"Everyone has ideas in the shower," said Tucker. "Get out of the shower, write it down and implement your innovation."

Economic outlook
The inspiration of innovation was followed by a hard look at some numbers, and some economic forecasting by Alan Beaulieu, a senior analyst, economist and principal at the Institute for Trends Research.

Beaulieu's forecast for industrial production through the next several years is as follows:

2011 – Increasing productivity beginning of year and then slowing
2012 – Flat
2013 – Speculation of minor recession
2015, 2016, 2017 – Good years
2018, 2019 – Recession years

If anyone is looking for the right time to sell a business, he said, the best time in the near future appears to be 2017 or 2018.

"Unemployment is currently 8.9 percent," Beaulieu told TLMI converter members. "That number means nothing for right now – it is a predictor of the future. Each month watch private sector employment: If it is going up 200,000-plus jobs a month, that's a good beginning to a good recovery. We need to create more than 231,000 jobs a month for 10 years to get back to where we were before this recession started. We need unemployment at full employment, which means 5.5 percent or lower."

Inflation, said Beaulieu, is a systemic issue that will be with us for a while. "When rates of change move up, there is an acceleration of money coming into the economy; consumers have more money. This money being pushed in brings inflation with it."

Food prices around the world are up 29 percent, he said, but they have risen only 1.8 percent in the United States. "This is a huge indicator of rising inflation. Is the Fed chief knowing and willingly lowering the value of the dollar to make us competitive around the world? Perhaps yes. This is a moral hazard. We tell other countries not to do this: 'Make tough decisions!' we tell them. 'Do the right thing to save your country!'

"We are doing this now! This is one reason other countries are so upset with us."

Beaulieu spoke of the need to educate workers. "There are 1,500 manufacturing facilities in the Rochester, NY, area. They are crying out for qualified people, but they cannot get qualified people to move to Rochester." By extending unemployment benefits, he added, the country is telling people that it's OK not to move to where the jobs are.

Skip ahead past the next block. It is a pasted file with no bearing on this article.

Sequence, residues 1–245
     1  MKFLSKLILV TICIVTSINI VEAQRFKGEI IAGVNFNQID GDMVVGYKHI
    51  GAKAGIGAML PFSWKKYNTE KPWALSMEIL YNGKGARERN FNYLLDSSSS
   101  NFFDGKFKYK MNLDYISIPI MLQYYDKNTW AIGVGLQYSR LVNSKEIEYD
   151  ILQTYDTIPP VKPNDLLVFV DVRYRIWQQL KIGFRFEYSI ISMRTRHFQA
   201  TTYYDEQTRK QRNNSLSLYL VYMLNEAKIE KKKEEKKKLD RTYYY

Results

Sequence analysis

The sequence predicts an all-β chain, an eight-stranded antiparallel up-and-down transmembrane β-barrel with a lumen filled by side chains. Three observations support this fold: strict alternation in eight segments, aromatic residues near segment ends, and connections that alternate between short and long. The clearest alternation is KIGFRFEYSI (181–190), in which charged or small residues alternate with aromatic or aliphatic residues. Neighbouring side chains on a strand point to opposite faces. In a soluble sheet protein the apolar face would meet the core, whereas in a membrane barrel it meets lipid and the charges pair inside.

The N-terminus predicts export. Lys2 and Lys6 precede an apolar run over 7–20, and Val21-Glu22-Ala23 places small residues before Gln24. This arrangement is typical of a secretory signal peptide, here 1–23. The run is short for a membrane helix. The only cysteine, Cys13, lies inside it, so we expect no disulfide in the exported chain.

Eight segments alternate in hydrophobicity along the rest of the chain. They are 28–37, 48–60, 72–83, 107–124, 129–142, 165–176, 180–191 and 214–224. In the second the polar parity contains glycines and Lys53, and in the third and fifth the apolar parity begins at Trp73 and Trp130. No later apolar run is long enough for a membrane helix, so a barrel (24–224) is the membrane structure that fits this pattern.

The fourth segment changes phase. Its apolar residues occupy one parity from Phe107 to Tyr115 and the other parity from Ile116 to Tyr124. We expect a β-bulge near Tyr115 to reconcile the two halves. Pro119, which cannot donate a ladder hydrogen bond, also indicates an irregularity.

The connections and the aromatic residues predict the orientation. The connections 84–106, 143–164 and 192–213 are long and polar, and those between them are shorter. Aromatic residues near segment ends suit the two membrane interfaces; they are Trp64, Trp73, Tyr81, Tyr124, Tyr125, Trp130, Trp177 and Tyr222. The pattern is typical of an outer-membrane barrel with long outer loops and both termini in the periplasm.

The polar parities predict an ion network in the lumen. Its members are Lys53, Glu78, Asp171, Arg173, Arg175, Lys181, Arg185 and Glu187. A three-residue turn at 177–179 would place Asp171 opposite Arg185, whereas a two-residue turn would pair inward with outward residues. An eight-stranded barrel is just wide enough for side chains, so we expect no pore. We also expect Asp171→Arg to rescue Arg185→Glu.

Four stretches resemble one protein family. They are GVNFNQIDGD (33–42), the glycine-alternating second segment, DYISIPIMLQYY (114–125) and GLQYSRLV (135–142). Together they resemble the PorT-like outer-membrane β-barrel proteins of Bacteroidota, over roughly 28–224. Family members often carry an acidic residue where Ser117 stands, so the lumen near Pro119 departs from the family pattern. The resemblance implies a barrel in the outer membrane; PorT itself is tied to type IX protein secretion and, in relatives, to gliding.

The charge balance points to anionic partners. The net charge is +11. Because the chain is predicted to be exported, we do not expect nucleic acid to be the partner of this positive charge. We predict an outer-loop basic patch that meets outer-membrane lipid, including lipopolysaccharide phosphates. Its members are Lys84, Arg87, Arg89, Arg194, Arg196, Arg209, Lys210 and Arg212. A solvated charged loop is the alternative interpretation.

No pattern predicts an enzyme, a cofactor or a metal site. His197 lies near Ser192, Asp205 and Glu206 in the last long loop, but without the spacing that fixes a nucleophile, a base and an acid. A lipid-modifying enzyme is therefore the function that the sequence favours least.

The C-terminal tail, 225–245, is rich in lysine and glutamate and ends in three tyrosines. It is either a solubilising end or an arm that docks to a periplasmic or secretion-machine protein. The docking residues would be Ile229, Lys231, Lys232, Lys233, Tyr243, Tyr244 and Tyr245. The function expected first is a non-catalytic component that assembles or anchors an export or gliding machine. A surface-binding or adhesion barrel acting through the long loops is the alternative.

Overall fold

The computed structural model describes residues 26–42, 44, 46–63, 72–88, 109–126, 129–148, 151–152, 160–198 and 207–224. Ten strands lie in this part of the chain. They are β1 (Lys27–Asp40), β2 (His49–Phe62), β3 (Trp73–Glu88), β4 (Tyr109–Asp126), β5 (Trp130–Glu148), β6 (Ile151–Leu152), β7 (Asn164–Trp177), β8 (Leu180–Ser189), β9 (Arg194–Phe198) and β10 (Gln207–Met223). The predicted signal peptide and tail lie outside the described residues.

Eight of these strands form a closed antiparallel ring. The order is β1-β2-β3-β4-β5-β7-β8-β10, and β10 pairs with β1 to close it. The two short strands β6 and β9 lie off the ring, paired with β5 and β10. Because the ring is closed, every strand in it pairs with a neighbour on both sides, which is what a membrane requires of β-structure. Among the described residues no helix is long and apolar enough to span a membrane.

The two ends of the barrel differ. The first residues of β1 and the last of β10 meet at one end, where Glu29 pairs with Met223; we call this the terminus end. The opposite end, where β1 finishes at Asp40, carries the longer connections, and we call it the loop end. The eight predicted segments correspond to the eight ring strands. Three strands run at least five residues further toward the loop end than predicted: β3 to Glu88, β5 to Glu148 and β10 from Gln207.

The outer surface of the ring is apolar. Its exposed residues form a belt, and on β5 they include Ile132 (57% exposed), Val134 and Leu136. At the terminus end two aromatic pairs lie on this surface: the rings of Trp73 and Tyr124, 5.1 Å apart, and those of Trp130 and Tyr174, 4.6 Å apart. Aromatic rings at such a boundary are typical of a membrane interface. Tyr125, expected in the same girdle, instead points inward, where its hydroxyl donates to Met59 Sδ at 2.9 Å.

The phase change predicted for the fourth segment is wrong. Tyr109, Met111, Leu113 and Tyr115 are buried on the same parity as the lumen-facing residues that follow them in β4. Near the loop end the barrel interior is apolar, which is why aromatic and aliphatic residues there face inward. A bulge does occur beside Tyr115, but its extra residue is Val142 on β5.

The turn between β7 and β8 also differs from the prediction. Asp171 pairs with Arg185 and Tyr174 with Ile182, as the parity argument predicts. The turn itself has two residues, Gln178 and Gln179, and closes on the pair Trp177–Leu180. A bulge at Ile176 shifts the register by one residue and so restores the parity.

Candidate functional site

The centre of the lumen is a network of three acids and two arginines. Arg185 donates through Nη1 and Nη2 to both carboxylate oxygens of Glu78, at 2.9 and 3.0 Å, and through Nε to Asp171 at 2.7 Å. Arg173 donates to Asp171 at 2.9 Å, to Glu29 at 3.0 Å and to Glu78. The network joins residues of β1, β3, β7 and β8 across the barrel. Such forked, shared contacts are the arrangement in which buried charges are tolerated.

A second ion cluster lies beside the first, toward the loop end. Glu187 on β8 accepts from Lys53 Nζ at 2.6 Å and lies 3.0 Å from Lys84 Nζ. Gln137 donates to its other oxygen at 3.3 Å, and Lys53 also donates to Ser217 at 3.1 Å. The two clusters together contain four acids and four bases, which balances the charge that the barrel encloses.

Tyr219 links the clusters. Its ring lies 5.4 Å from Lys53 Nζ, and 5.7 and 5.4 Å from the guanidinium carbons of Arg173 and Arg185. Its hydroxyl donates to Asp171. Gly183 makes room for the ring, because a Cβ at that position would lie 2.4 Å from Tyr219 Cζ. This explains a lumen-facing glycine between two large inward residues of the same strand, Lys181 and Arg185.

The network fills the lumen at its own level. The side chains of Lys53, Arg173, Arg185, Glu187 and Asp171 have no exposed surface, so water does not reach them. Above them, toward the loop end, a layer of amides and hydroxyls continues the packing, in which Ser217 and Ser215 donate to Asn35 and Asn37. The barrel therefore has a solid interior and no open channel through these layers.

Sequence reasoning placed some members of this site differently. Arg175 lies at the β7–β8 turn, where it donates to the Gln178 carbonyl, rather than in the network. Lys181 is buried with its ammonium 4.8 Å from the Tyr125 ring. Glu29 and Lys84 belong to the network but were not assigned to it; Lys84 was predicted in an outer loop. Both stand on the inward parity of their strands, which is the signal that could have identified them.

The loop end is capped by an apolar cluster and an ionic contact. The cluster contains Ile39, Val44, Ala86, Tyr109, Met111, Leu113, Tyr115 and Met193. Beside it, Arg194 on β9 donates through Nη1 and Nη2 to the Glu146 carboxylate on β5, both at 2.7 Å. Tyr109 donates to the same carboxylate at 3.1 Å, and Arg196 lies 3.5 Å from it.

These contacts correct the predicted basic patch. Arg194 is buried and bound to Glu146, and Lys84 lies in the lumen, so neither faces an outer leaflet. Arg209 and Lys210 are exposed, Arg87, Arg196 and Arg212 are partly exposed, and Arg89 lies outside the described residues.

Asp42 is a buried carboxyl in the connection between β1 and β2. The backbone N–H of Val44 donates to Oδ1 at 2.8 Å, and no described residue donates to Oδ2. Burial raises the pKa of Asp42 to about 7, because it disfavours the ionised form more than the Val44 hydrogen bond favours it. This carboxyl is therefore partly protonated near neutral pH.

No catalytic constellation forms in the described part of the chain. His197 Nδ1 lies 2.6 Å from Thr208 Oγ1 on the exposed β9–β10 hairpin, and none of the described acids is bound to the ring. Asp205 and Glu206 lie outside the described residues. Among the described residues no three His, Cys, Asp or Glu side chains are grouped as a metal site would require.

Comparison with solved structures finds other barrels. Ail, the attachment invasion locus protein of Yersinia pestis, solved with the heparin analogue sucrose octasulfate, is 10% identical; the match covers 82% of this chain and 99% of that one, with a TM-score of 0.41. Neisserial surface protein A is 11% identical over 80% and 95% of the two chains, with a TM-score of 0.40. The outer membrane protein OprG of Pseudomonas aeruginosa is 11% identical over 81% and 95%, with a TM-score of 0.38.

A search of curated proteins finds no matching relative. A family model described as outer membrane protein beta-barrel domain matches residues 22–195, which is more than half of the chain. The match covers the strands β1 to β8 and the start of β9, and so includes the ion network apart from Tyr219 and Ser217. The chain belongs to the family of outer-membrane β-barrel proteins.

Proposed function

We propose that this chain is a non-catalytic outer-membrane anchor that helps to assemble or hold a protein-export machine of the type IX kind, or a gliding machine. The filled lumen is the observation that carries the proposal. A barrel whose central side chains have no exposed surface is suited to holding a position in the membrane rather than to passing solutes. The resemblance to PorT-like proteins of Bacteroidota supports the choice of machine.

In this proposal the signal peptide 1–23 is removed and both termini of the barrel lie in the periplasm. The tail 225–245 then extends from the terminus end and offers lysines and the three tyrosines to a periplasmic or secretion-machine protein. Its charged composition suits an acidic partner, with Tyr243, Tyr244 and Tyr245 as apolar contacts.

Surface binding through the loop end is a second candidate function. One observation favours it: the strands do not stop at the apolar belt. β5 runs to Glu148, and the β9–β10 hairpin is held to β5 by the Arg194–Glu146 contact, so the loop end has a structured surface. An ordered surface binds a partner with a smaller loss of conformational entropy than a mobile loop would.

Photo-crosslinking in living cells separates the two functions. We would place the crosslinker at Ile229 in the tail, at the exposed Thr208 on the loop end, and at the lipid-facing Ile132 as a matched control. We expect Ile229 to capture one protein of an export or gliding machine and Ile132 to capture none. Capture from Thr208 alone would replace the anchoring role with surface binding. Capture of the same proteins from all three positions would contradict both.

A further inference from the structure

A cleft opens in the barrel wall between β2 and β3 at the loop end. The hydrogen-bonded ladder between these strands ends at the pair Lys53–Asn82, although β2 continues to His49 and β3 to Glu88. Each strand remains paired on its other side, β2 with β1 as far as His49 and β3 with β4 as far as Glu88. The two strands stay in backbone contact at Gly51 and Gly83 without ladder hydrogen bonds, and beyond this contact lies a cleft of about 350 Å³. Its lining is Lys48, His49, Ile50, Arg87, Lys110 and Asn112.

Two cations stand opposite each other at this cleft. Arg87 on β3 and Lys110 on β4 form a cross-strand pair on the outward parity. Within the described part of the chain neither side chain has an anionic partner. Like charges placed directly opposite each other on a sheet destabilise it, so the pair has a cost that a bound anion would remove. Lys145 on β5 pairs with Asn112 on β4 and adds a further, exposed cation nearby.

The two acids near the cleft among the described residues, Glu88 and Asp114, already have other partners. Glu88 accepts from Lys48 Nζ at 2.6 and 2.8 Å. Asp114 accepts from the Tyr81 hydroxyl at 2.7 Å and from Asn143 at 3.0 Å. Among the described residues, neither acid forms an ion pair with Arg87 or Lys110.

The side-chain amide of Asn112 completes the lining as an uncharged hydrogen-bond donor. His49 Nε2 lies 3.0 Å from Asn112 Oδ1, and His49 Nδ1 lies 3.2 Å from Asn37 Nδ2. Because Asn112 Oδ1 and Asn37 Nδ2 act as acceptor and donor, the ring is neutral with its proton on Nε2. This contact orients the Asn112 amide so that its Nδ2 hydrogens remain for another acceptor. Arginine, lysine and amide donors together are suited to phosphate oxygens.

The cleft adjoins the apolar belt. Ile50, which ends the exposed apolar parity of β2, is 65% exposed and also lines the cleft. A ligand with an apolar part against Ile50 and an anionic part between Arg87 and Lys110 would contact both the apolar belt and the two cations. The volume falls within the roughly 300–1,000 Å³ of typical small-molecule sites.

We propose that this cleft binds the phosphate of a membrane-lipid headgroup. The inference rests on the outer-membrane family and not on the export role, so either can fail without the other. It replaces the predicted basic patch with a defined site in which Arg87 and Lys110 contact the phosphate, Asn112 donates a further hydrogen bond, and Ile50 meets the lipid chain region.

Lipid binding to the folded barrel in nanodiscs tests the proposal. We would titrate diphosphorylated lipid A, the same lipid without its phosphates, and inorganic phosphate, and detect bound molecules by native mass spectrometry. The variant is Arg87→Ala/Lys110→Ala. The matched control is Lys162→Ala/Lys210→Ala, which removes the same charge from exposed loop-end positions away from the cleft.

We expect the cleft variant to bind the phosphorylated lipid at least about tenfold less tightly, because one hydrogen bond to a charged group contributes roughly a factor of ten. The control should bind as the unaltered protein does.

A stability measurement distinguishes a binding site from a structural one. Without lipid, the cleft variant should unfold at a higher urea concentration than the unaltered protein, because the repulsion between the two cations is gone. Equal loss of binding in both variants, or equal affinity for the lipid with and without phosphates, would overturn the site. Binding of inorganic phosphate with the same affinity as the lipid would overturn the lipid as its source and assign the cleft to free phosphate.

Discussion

Interest rates are going to go up, he said, but the Fed is keeping them artificially down. "If interest is going up – which it is – we need to rethink the way we run our businesses. When inflation comes, it will make day-to-day life harder on the people who work for you. In 2012, when inflation goes to 4-5 percent, we will have to give out raises to help our employees. This will demand that you do something different to come up with this money. We will need to raise our prices.

Some advice from the economist: Spend money now before inflation arrives – to help drive the efficiency you will need in the future. "Buy real estate and rent it out: It will benefit you before inflation comes. We are now experiencing the lowest prices of our lifetimes."

Beaulieu forecast that the housing market will slowly rise a few points here and there, but not quickly. "The generation behind us does not want to own homes. They think it is a bad investment – they just watched it drop 30 percent. They do not have roots the way their parents do. They switch jobs every two to four years and do not want to have to see a house. They feel that they will need to buy a house when they set down 'roots' – that is, when they have children. This fuels the growth and good years projected for 2015-2017. This is another reason why investing in real estate now and renting it out will benefit us."